For 2,700 reviews, this critic has graded:
  • 47% higher than the average critic
  • 5% same as the average critic
  • 48% lower than the average critic
On average, this critic grades 5.8 points lower than other critics. (0-100 point scale)

Roger Moore's Scores

  • Movies
  • TV
Average review score: 58
Highest review score: 100 Moana
Lowest review score: 0 Mike Boy
Score distribution:
2700 movie reviews
    • tbd Metascore
    • 63 Roger Moore
    The Changeover is a moody, menacing thriller with a YA (Young Adult) heroine.
    • 28 Metascore
    • 38 Roger Moore
    For a “sweet nothing” of a movie, you kind of wish “nothing” wasn’t the most accurate description.
    • tbd Metascore
    • 50 Roger Moore
    There’s just a hint of “art” to all this, of course. But just a hint. Mostly it’s just random and pointless scenes circling a heroine who is just a 19 year-old, living her life and doing what she loves after the rain stops.
    • 93 Metascore
    • 75 Roger Moore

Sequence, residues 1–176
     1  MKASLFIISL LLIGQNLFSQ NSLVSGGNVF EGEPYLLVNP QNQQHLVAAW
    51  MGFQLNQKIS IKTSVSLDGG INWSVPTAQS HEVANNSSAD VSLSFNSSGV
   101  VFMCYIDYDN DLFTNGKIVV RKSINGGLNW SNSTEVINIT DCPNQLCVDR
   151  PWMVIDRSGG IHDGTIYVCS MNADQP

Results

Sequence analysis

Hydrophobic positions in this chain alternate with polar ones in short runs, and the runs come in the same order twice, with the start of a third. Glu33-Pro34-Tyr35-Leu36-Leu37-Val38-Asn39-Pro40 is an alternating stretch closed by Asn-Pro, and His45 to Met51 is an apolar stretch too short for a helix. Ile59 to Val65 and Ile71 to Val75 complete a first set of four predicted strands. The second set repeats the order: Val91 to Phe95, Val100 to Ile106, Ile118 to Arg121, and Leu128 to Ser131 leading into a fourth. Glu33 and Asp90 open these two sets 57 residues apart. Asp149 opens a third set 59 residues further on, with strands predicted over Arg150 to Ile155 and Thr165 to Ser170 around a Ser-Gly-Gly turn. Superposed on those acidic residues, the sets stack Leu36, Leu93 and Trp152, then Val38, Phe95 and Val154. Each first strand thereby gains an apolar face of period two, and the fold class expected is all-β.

Minding the Gap is a film of skill, pathos and humor, not the deepest movie up for an Best Documentary Oscar this year, but certainly the most approachable.
    • 56 Metascore
    • 38 Roger Moore
    Writer-director Christopher Landon is better at calling for cute camera angles and 360 degree pans and plotting — silly and farfetched as it is — than he is at jokes and zingers, which made the first film stand out.
    • 81 Metascore
    • 75 Roger Moore
    Erlingsson takes a fairly cut-and-dried caper comedy and tosses twist after twist into it, letting Woman at War surprise us just as often as it repeats a running gag (the poor, cursing bicycle-camping Spaniard).
    • 60 Metascore
    • 38 Roger Moore
    Wilson, letting the strain show the way a hundred other funny folks expected to “save” a flimsy comedy built around them have before her, has never seemed more out of her depth.
    • tbd Metascore
    • 63 Roger Moore